Overview

After the Race


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James Joyce (1882—1941) writer

Dubliners

 

'After the Race' can also refer to...

‘After the Race’

After Slavery: Race, Labor, and Citizenship in the Reconstruction South

Slavery, Race, and Political Ideology in the White Christian South Before and After the Civil War

Beyond Redemption: Race, Violence, and the American South after the Civil War

The Propaganda War in the Rhineland: Weimar Germany, Race and Occupation after World War I

Christians and the Color Line: Race and Religion after Divided by Faith

Race, Place, and Nostalgia after the Counterculture: Keith Jarrett and Pat Metheny on ECM

New Orleans after the Civil War: Race, Politics, and a New Birth of Freedom

Obesity and Mortality After Breast Cancer by Race/Ethnicity: The California Breast Cancer Survivorship Consortium

Matthew Jones. After Hiroshima: The United States, Race and Nuclear Weapons in Asia, 1945–1965.

The Association of Race, Gender, and Comorbidity With Mortality and Function After Hip Fracture

Sheldon Rubenfeld (ed.), Medicine after the Holocaust; From the Master Race to the Human Genome and Beyond

Stephen V. Ash. A Massacre in Memphis: The Race Riot That Shook the Nation One Year after the Civil War.

Black Yanks in the Pacific: Race in the Making of American Military Empire after World War II

Steve Estes. Charleston in Black and White: Race and Power in the South after the Civil Rights Movement.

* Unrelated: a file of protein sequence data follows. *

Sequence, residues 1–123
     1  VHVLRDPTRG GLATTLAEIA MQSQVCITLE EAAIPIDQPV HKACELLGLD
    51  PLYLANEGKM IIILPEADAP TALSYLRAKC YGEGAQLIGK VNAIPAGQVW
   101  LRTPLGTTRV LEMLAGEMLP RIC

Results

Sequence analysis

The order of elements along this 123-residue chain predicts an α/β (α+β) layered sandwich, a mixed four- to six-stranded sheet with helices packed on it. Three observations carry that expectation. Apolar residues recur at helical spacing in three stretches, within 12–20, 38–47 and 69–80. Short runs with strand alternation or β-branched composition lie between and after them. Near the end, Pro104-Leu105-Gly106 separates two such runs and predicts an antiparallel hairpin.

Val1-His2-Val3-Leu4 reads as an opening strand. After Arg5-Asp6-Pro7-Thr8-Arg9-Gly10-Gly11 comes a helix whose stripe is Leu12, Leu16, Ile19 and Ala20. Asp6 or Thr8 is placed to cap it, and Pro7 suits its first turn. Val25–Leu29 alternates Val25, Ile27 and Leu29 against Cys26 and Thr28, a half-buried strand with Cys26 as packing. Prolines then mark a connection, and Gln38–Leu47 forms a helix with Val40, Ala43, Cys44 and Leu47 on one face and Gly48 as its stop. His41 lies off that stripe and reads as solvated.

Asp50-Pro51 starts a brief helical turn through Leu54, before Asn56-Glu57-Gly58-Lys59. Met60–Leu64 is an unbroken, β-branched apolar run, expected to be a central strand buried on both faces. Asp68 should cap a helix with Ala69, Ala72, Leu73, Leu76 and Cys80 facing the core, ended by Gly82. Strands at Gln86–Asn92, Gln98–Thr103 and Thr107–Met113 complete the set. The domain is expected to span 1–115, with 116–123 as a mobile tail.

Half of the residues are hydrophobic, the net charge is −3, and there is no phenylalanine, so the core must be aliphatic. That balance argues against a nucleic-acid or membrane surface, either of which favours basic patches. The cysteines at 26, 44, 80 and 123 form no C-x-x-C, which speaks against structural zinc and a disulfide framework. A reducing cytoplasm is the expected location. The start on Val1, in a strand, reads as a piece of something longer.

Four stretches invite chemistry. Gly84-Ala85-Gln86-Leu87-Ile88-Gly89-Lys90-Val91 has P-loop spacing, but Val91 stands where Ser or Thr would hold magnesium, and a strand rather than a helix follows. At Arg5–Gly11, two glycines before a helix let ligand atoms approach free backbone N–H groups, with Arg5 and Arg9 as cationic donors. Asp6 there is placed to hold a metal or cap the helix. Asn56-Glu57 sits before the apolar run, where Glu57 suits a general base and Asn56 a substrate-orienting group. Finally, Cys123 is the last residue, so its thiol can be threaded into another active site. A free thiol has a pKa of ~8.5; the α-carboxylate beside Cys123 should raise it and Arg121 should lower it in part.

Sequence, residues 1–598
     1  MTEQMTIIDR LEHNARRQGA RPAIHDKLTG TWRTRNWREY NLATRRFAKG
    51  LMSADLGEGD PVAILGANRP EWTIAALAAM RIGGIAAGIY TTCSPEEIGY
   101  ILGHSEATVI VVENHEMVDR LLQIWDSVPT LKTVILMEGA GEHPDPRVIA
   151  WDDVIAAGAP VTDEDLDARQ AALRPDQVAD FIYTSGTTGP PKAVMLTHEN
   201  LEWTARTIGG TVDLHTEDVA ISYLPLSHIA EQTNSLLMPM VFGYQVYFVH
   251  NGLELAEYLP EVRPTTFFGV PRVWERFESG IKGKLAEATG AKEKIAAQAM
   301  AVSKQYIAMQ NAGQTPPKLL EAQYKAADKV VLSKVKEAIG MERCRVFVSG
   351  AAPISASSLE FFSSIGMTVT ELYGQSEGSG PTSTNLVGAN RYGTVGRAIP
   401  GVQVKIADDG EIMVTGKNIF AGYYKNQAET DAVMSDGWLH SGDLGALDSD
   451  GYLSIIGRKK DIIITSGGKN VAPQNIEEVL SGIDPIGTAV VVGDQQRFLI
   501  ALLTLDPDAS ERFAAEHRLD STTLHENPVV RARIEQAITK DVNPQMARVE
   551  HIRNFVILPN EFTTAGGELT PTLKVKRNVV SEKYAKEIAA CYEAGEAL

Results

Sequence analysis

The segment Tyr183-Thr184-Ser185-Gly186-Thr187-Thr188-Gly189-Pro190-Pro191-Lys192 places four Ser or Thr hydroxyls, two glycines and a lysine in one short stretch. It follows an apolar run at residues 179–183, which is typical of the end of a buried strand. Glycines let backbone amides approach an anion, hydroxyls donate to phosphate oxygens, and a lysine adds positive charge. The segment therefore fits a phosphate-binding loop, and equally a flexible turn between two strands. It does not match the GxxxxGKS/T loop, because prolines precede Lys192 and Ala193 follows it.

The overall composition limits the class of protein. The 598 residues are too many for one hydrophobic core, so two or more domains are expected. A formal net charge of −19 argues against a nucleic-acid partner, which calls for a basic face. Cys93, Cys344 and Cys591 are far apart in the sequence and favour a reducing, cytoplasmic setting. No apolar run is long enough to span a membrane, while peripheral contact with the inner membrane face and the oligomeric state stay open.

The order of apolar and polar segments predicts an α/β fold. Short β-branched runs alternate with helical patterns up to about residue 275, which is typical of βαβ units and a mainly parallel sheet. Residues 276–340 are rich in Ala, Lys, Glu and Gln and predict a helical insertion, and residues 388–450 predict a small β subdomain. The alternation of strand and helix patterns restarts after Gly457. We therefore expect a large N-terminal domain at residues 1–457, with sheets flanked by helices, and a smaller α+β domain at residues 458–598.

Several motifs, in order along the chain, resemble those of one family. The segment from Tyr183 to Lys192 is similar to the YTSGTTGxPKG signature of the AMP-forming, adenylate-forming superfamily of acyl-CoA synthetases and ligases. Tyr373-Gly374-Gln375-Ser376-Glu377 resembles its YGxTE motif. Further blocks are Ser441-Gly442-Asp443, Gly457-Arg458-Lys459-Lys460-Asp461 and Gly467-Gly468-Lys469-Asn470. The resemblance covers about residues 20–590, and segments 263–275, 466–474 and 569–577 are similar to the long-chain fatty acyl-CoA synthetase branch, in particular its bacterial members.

Changes in Women's Use of Hormones After the Women's Health Initiative Estrogen and Progestin Trial by Race, Education, and Income

Bruce E. Baker and Brian Kelly, editors. After Slavery: Race, Labor, and Citizenship in the Reconstruction South.

J. Russell Hawkins and Phillip Luke Sinitiere, editors. Christians and the Color Line: Race and Religion after Divided by Faith

Re-Membering Blackness After Reconstruction: Race, Rape, and Political Desire in the Work of Thomas Dixon, Jr.

 

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Quick Reference

(1904), a story in James Joyce's Dubliners (1914). Jimmy Doyle, a butcher's son, attends a motor-race with other young men more cosmopolitan than he, and struggles to keep up with them in hilarity and recklessness.

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Subjects: Literature.


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